• In patients with Lewy body dementia, symptoms of well-formed visual hallucinations, REM sleep behavior disorder, typical parkinsonian symptoms, and fluctuating cognition, attention, and alertness.[20] 
  • In patients with frontotemporal dementia, behavior changes, including disinhibition and apathy, and speech difficulties may be seen.[25]
  • In patients with Creutzfeld-Jakob disease, symptoms of myoclonus, visual changes, ataxia, and memory and behavior changes are seen.[26] 
  • In patients with Huntington disease, symptoms of chorea, irritability, and depression can be present.[14]
  • In patients with vascular dementia, deficits can occur in stepwise declines.[27] 
  • In patients with Parkinson disease dementia, symptoms of parkinsonism characterized by bradykinesia, resting tremor, and muscle rigidity are found. In addition, visual hallucinations and delusions may also be seen, especially in the late stages.[20] 

Patients with atypical parkinsonian syndromes also bear mentioning. Multiple system atrophy, progressive supranuclear palsy, and corticobasal syndrome have symptoms of parkinsonism in addition to other characteristic findings. Multiple system atrophy has symptoms of autonomic failure and cerebellar ataxia. Progressive supranuclear palsy has symptoms of frequent falls (often backward) and vertical supranuclear gaze palsy. Corticobasal syndrome has progressive asymmetric muscle rigidity and alien limb phenomenon.[28]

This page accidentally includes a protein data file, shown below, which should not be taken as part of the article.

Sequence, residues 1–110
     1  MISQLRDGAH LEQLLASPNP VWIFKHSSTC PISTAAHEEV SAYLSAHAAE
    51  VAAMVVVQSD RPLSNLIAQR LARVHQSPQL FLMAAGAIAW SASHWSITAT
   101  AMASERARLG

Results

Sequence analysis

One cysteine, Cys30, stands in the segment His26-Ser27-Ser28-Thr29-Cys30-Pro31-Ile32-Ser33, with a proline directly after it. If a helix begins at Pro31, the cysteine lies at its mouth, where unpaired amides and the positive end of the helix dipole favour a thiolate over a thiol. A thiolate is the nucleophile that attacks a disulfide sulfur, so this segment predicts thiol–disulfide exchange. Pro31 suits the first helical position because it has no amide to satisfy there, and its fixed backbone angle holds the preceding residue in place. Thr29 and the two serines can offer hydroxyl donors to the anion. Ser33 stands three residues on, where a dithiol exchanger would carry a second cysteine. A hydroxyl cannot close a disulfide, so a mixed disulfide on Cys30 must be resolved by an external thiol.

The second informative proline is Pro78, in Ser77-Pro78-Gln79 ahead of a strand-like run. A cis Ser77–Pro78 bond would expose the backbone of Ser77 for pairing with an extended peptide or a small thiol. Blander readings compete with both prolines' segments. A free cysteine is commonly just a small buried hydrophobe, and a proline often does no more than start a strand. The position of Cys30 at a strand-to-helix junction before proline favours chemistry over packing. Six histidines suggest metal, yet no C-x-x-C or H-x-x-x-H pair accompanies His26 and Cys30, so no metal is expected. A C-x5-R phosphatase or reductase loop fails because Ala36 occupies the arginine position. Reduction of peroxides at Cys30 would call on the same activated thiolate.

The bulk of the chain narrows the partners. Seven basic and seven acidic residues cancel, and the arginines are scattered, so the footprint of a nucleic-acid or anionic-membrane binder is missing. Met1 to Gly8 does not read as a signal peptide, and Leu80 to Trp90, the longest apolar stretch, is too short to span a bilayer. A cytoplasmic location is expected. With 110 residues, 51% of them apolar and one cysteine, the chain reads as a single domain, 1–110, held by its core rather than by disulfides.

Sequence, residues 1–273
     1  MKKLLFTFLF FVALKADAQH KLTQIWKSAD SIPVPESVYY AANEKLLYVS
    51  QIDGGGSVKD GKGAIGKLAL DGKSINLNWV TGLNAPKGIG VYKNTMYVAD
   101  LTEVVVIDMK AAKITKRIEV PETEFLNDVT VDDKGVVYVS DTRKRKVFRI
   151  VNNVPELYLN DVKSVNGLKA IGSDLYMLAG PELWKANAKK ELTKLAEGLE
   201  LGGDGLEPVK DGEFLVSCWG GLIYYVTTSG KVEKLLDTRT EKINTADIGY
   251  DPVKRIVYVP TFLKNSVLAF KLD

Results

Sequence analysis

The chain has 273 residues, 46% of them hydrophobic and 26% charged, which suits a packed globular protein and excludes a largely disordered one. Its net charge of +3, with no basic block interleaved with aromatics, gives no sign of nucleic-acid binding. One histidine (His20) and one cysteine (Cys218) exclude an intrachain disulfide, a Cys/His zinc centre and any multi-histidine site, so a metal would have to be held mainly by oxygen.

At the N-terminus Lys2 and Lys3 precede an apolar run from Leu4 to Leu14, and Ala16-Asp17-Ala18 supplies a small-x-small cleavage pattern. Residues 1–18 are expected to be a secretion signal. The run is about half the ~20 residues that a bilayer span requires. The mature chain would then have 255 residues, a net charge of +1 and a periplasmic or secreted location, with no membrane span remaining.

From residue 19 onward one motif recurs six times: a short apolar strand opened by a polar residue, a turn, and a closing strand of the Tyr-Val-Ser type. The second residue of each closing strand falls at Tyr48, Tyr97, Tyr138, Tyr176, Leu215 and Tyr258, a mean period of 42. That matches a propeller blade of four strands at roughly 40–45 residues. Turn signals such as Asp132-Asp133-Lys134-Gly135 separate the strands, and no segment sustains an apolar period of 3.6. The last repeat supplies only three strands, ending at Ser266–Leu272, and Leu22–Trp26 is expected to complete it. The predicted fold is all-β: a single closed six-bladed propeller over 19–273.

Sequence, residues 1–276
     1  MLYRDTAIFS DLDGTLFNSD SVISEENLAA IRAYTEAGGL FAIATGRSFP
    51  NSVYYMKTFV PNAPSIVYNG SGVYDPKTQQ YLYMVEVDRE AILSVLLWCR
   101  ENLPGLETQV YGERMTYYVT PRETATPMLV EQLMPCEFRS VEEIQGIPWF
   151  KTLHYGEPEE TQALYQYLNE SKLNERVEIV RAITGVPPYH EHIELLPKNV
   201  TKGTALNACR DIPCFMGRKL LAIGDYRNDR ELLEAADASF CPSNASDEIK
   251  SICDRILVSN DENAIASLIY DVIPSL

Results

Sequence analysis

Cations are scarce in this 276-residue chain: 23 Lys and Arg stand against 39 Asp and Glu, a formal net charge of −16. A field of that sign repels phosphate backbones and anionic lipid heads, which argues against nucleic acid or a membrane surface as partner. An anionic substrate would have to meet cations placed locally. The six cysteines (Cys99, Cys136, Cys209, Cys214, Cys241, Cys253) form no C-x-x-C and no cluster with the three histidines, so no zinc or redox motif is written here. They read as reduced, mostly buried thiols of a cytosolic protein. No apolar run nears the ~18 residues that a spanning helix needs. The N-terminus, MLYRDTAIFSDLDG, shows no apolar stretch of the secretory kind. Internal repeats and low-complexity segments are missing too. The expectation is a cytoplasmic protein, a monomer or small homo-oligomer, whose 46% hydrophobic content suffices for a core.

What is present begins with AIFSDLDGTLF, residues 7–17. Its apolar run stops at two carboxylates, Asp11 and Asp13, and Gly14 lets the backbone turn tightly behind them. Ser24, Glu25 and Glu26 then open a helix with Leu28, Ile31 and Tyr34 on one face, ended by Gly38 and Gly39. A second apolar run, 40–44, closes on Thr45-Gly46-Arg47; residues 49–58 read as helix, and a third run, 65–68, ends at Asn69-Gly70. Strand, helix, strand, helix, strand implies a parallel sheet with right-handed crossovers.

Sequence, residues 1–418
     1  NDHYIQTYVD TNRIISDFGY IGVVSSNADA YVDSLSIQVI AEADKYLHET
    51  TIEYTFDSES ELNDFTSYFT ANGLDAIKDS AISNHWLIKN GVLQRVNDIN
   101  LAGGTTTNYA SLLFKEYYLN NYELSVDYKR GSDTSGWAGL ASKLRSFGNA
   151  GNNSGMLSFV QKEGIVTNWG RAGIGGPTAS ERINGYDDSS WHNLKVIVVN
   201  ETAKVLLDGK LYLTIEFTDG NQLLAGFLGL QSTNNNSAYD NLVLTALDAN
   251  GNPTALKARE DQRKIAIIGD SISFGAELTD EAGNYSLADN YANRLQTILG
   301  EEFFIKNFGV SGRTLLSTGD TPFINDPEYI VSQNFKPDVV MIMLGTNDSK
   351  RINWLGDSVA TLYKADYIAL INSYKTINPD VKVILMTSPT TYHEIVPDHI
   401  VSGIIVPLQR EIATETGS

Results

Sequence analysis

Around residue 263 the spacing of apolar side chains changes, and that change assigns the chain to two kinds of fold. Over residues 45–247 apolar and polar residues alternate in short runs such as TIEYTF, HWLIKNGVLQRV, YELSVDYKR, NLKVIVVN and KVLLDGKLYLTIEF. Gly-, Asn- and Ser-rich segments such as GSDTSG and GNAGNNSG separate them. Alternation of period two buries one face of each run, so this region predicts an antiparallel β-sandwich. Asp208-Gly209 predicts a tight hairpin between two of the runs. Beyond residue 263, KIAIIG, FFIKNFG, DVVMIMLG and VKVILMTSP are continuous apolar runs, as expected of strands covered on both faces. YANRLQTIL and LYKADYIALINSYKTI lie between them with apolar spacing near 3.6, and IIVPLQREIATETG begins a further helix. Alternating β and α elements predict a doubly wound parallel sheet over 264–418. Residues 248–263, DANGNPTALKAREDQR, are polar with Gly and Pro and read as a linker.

The physical exam should be comprehensive, including a complete neurological exam including gait analysis. 

Evaluation

The definitive diagnosis of the type of dementia can only be made at autopsy. A probable diagnosis can often be made using clinical history predominantly, sometimes aided by brain imaging and additional laboratory evaluation. Excluding treatable causes of cognitive impairment is also important to include in the initial evaluation. 

All domains of cognition must be assessed. There are multiple cognitive evaluation tools available for use in a clinical setting, including the Mini-mental status examination (MMSE), Montreal Cognitive Assessment (MoCA), Saint Louis University Mental Status (SLUMS), Addenbrooke's Cognitive Examination–Revised (ACE-R), the modified mini-mental state examination, Mini-Cog, and Rowland Universal Dementia Assessment Scale (RUDAS). Each tool has different advantages; for example, the MoCA takes approximately 10 minutes and is better suited for detecting mild cognitive impairment in addition to major neurocognitive disorder. In contrast, the Mini-Cog takes approximately 3 minutes to administer and is predominantly used to screen for major neurocognitive disorder. The RUDAS is often used for use cross-cultural evaluations and can be administered in conjunction with an interpreter if needed. None of these cognitive evaluations alone can diagnose major neurocognitive disorder, as a decline in function of daily tasks is also needed to meet the diagnostic criteria. These studies can be repeated over time to document the progression of decline. They can give an idea of the severity of the deficit along with specific cognitive domains that are affected. Specialized, more in-depth neuropsychological testing can provide even further diagnostic information and help differentiate subtle differences or hard-to-diagnose cases.

Laboratory tests to check in all patients during the evaluation of dementia include complete blood count, urinalysis, metabolic panel, Vitamin B12, folic acid, thyroid function tests, and serological tests for syphilis and HIV. Under certain circumstances, it may be appropriate to check erythrocyte sedimentation rate, lumbar puncture, heavy metal screen, ceruloplasmin levels, Lyme disease titer, or serum protein electrophoresis.